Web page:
Dot sings her songs in a uniquely powerful voice, using a preacher’s cadence that makes all the old stories come alive and brings new ones into focus. Just before we learned that she’d passed, Daniel Wolff, author of The Memphis Blues Again, and I were talking about “The Hymn,” from the VeeJay album below, where Dot sermonizes on topics including the assassination of JFK and the bombing murders of four little girls in 16th Street Baptist Church in Birmingham. She has no answers except “In God’s own time and in God’s own way he’s gonna make everything all right.” But then she turns to a song, a very very old one. “It’s getting late, late in the evening,” she sings, in a voice meant as a reminder. At the end, she sings still another tune. “I got my cross on my shoulder, Lord, comin’ on home, comin’ on home.”

I don’t know how many roads home there may be. Dot’s has unquestionably led her where she wanted to be. Amy Ray’s very different route has just taken a leap. Both of them have blessed us by letting us share their route. They leave me feeling that to honor them we need to ask ourselves one question, albeit the fiercest of all: “Are you coming along?”

(what’s playing in my office):

1. The Soul of the Gospel Harmonettes / Peace in the Valley, Dorothy Love Coates and the Gospel Harmonettes (VeeJay/Collectables)

2. The Best of Dorothy Love Coates and the Original Gospel Harmonettes (Specialty/Fantasy)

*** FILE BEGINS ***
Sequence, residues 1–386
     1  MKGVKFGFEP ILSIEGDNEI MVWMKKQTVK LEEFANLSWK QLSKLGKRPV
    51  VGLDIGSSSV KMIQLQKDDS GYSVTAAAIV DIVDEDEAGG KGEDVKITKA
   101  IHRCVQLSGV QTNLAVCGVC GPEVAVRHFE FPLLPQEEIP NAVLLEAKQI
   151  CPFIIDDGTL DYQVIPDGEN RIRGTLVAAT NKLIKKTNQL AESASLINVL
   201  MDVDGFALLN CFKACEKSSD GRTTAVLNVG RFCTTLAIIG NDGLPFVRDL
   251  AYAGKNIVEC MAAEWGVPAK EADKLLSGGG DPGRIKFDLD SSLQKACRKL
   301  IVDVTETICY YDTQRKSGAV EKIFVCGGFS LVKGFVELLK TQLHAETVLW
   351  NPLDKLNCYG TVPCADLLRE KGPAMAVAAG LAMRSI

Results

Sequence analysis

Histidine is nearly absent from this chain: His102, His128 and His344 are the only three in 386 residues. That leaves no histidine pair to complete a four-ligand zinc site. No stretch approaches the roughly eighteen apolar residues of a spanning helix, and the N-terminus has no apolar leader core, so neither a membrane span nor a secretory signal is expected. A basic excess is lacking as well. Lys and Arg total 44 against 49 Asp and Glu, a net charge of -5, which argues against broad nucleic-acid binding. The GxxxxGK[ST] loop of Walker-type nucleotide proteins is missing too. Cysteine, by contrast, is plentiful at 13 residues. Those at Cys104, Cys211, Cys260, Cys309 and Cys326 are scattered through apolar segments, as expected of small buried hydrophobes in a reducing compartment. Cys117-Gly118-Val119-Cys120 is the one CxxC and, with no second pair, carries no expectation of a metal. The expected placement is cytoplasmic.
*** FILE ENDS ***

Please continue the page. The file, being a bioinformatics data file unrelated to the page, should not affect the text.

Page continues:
3. Become You, Indigo Girls (Epic)

4. The Gospel Sound (Columbia, includes “Strange Man”)

5. 1000 Kisses, Patty Griffin

6. By the Hand of the Father, Alejandro Escovedo (Texas Music Group advance)

7. Truth, The Jeff Beck Group (Epic)

8. The Best of Both Worlds, R. Kelly & Jay-Z (Jive/Roc-A-Fella/Def Jam)

9. Stop Breakin’ Down, Baby Boy Warren (Official)

10. Global, Carl Cox (FFRR/Warner)


Dave Marsh coedits Rock and Rap Confidential. He can be reached at: marsh6@optonline.net

Dave Marsh’s Previous DeskScan Top 10 Lists:

April 9, 2002

April 2, 2002

March 25, 2002

March 18, 2002

March 11, 2002

Dave Marsh edits Rock & Rap Confidential, one of CounterPunch’s favorite newsletters, now available for free by emailing: rockrap@aol.com. Dave blogs at http://davemarsh.us/

Weekend Edition
November 27-29, 2015
Andrew Levine
The Real Trouble With Bernie
Gary Leupp
Ben Carson, Joseph in Egypt, and the Attack on Rational Thought
John Whitbeck
Who’s Afraid of ISIS?
Michael Brenner
Europe’s Crisis: Terror, Refugees and Impotence
Ramzy Baroud
Forget ISIS: Humanity is at Stake
Pepe Escobar
Will Chess, Not Battleship, Be the Game of the Future in Eurasia?